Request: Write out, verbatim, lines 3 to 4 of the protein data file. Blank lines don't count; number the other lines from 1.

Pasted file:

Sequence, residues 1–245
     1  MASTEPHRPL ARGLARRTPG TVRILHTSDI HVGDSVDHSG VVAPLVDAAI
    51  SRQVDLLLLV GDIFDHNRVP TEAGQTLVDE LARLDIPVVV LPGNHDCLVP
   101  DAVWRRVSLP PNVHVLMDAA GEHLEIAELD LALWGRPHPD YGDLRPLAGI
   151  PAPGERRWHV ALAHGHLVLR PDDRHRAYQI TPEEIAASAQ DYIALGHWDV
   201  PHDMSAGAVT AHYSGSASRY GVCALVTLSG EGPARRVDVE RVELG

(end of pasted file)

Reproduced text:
    51  SRQVDLLLLV GDIFDHNRVP TEAGQTLVDE LARLDIPVVV LPGNHDCLVP
   101  DAVWRRVSLP PNVHVLMDAA GEHLEIAELD LALWGRPHPD YGDLRPLAGI